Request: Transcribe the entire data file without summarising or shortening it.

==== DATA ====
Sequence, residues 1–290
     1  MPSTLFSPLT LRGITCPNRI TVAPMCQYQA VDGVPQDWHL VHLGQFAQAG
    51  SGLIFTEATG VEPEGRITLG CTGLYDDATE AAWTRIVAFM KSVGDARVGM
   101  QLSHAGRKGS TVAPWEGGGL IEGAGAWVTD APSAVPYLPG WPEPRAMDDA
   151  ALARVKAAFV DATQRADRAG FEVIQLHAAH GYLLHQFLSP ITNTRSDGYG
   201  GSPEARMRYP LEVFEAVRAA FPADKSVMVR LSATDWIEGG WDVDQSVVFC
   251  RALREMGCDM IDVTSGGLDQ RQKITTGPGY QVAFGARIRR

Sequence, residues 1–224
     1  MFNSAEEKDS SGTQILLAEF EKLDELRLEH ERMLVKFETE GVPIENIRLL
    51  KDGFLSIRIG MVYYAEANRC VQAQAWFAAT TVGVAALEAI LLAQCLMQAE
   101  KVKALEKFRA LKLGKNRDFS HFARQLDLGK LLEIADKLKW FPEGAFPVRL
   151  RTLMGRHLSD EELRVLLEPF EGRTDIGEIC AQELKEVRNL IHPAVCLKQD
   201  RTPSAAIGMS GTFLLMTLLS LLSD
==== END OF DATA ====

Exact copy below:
Sequence, residues 1–290
     1  MPSTLFSPLT LRGITCPNRI TVAPMCQYQA VDGVPQDWHL VHLGQFAQAG
    51  SGLIFTEATG VEPEGRITLG CTGLYDDATE AAWTRIVAFM KSVGDARVGM
   101  QLSHAGRKGS TVAPWEGGGL IEGAGAWVTD APSAVPYLPG WPEPRAMDDA
   151  ALARVKAAFV DATQRADRAG FEVIQLHAAH GYLLHQFLSP ITNTRSDGYG
   201  GSPEARMRYP LEVFEAVRAA FPADKSVMVR LSATDWIEGG WDVDQSVVFC
   251  RALREMGCDM IDVTSGGLDQ RQKITTGPGY QVAFGARIRR

Sequence, residues 1–224
     1  MFNSAEEKDS SGTQILLAEF EKLDELRLEH ERMLVKFETE GVPIENIRLL
    51  KDGFLSIRIG MVYYAEANRC VQAQAWFAAT TVGVAALEAI LLAQCLMQAE
   101  KVKALEKFRA LKLGKNRDFS HFARQLDLGK LLEIADKLKW FPEGAFPVRL
   151  RTLMGRHLSD EELRVLLEPF EGRTDIGEIC AQELKEVRNL IHPAVCLKQD
   201  RTPSAAIGMS GTFLLMTLLS LLSD